electroless nickel plating, > 11% by weight phosphorus - challenges?

What are the challenges in plating high-phosphorus electroless nickel, with
a phosphorus content of > 11% by weight? My understanding is that this type
of electroless nickel is completely amorphous and pit free (and
non-magnetic), offering the best corrosion protection. It also minimizes
tool wear for diamond turning applications, compared to deposits of lower
phosphorus content. Reportedly, it also offers the lowest levels of trace
contaminants. Over the 10%-11% P range, there is transition from
crystalline/magnetic to amorphous/non-magnetic. So, a > 11% P specification
assures consistency. Yet my experience suggests that few job shops
(platers) are capable (or even willing) to deposit such nickel. Why is it
more difficult to plate > 11% P electroless nickel compared to > 10% P?
MacDermid's website
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states plating rates of 0.3-0.5 mil/hr for high phos. (10-13% P) compared to
0.6-1.0 mil/hr for mid phos. (5-9% P). Is plating rate the driving economic
factor, or are there other factors that make the process difficult to
establish and maintain?
I've posted a similar question on
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Reply to
Grant Kiehne
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Note, the bath used to deposit > 11% P is sometimes called a "disk bath" since this type of electroless nickel is used on memory (hard) disks.
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Reply to
Grant Kiehne
Not certain what difficulties lie in the actual plating process for electroless nickel with a phosphorus content > 11% by weight. However, I believe that the higher the phosphorus, the more brittle the plating layer will be ( whether it is baked or not, post plating). Might be very sensitive to flaking if the plated part flexes in-service?
Regards,
Greg .
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Reply to
gwdexter
Hello Grant,
Have you received any useful information in response to your postings?
Thanks, Gerry
Reply to
Gerry
You receive this post from PhysOrg Forums:
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by Jerry Du (Jun 18 2004, 03:56 PM )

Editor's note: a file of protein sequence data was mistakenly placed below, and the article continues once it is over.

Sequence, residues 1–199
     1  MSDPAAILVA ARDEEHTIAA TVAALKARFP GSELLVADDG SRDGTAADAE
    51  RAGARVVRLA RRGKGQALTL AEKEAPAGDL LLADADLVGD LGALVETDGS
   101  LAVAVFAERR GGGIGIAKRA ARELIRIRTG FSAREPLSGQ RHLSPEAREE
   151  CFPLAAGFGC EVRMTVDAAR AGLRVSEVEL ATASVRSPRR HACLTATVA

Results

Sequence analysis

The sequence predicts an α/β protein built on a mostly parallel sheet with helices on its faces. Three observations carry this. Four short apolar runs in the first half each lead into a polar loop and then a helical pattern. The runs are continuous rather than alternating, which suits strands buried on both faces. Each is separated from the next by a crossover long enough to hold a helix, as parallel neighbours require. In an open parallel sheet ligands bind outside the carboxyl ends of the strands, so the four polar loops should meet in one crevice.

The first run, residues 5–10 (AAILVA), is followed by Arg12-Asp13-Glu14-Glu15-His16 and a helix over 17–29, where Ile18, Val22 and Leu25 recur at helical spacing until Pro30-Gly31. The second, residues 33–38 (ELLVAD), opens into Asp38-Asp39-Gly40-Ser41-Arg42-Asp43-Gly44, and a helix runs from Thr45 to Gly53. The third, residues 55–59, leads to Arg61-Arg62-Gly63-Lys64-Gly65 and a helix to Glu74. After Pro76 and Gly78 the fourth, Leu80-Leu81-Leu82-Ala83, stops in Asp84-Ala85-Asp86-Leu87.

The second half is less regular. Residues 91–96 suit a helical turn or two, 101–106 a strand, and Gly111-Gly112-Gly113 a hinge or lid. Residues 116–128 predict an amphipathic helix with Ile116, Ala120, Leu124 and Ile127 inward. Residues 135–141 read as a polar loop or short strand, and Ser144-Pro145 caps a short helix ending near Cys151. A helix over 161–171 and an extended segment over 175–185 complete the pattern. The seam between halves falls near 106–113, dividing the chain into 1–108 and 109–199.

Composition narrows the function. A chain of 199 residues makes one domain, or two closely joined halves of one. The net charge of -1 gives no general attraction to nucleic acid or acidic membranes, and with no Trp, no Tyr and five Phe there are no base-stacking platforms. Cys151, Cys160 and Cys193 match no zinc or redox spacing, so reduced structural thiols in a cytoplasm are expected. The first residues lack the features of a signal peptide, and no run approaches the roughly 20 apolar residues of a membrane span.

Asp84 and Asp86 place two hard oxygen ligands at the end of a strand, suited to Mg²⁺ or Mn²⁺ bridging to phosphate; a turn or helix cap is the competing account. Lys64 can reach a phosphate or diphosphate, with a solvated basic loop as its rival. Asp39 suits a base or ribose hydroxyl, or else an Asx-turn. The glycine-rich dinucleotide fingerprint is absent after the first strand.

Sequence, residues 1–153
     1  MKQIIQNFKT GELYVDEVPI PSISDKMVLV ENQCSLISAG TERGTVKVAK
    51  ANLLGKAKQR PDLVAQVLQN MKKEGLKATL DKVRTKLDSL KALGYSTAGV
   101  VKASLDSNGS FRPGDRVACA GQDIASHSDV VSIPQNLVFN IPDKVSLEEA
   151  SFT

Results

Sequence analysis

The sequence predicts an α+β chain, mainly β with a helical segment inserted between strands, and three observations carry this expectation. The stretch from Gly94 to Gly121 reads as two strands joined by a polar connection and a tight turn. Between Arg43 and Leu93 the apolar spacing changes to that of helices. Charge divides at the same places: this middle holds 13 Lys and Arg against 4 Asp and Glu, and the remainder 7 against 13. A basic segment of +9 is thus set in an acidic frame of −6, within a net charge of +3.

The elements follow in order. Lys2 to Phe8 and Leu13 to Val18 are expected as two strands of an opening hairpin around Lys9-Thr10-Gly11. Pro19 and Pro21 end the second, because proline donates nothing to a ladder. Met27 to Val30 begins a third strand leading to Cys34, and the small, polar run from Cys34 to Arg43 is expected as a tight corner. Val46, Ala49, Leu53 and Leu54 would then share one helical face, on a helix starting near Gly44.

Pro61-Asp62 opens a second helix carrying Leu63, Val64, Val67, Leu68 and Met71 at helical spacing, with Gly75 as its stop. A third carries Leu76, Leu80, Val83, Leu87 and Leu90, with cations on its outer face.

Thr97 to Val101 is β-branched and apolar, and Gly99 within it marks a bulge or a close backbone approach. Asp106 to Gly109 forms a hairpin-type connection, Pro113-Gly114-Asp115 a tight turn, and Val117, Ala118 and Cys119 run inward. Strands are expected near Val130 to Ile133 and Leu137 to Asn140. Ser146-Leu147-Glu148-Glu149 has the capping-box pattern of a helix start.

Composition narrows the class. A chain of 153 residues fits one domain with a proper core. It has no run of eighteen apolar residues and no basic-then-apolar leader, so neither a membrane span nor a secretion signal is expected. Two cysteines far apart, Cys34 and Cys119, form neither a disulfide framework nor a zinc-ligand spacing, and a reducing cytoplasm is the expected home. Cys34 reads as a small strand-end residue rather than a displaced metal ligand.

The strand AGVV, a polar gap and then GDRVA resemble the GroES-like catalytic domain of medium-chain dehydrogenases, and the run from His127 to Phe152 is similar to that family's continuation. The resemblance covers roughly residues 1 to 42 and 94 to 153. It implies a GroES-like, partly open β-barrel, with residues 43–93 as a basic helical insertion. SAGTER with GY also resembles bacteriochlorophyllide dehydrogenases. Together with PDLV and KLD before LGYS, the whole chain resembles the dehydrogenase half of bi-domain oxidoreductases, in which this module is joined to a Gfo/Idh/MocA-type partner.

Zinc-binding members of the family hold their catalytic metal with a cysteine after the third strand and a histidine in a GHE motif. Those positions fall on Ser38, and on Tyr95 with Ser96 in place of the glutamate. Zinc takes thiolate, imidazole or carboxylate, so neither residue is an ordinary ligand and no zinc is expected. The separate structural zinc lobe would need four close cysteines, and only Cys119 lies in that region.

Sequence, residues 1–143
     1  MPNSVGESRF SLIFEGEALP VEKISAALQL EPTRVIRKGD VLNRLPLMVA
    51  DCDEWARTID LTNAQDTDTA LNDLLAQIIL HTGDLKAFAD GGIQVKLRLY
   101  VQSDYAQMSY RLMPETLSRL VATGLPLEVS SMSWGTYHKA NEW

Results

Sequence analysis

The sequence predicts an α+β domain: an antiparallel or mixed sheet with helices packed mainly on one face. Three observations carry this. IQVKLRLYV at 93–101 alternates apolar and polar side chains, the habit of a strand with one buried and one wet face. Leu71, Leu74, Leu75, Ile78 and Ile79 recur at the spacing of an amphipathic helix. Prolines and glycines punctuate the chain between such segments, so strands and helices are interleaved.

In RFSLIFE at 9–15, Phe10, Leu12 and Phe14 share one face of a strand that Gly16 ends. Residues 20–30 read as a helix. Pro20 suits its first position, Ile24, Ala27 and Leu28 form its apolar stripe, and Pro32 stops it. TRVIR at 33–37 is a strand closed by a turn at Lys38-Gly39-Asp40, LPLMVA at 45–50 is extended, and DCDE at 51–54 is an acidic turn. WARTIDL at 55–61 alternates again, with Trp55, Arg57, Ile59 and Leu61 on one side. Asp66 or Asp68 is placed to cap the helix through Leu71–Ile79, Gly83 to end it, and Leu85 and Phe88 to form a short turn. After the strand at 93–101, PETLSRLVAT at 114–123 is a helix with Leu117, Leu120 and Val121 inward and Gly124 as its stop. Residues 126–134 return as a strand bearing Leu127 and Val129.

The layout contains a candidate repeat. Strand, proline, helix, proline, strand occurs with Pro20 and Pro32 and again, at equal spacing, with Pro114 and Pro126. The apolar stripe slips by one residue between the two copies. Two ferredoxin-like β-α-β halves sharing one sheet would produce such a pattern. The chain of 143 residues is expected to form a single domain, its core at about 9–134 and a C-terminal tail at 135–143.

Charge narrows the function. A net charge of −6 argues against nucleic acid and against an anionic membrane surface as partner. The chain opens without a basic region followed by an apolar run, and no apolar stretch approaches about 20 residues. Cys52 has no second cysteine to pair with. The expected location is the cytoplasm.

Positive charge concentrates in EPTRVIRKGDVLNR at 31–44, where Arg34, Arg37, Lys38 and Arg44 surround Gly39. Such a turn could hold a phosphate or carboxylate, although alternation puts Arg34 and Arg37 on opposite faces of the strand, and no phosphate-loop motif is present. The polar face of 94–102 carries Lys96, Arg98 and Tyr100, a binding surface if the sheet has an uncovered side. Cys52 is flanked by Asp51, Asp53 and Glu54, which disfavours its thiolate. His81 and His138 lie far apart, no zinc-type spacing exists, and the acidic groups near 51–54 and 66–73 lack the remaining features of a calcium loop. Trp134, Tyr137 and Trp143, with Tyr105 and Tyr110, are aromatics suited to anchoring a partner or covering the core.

Grant,
Your understanding on the properties of high phos electroless nickel is correct. In fact high phos electroless nickel has been used for years in the indutry. The largest application for electroless nickel is for memory disk EN layer plating which uses high phos EN (~12%P, by weight). High phos deposit can be plated in a very stable rate and quality. Remember, the requirement for memory disk is much higher than general metal finishing. OMG Fidelity is the largest electroless nickel supplier in the indutry and the sole supplier for memory disk application in the US
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It is true that the plating rate of high phos bath (>11%P) is generally slower than mid phos bath (5-19%P). The main reason for the plating rate difference is the difference in their chelate and stablizer package used. It is possible to raise the plating rate to about 0.7 mil/hour, but pushing the rate too far will cause deposit property to change. I hope this will help you to clear some of the question. You can contact me if you need any specific assistance.
JD
Find the original post here:
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Reply to
Neutron
A question concerning this:
It was stated that there is a switch from crystalline/magnetic to amorphous/non-magnetic. What is the mechanism causing this switch, does it have to do with the change in deposition, or just the change in %P. (Just interested)
Thanks Seth
Reply to
Seth Imhoff

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